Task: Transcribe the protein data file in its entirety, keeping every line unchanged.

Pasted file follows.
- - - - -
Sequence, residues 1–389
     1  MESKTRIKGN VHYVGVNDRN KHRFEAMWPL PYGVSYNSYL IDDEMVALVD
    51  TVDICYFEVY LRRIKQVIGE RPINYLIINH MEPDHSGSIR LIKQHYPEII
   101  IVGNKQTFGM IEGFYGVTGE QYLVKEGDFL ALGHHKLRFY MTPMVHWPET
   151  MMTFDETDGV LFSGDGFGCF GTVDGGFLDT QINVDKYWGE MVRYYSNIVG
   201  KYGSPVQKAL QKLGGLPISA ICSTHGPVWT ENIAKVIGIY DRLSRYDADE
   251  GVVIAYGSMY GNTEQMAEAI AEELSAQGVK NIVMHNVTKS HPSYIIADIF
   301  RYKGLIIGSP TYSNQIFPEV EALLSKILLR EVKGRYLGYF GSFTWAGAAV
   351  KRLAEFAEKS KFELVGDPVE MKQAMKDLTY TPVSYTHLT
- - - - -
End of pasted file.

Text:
Sequence, residues 1–389
     1  MESKTRIKGN VHYVGVNDRN KHRFEAMWPL PYGVSYNSYL IDDEMVALVD
    51  TVDICYFEVY LRRIKQVIGE RPINYLIINH MEPDHSGSIR LIKQHYPEII
   101  IVGNKQTFGM IEGFYGVTGE QYLVKEGDFL ALGHHKLRFY MTPMVHWPET
   151  MMTFDETDGV LFSGDGFGCF GTVDGGFLDT QINVDKYWGE MVRYYSNIVG
   201  KYGSPVQKAL QKLGGLPISA ICSTHGPVWT ENIAKVIGIY DRLSRYDADE
   251  GVVIAYGSMY GNTEQMAEAI AEELSAQGVK NIVMHNVTKS HPSYIIADIF
   301  RYKGLIIGSP TYSNQIFPEV EALLSKILLR EVKGRYLGYF GSFTWAGAAV
   351  KRLAEFAEKS KFELVGDPVE MKQAMKDLTY TPVSYTHLT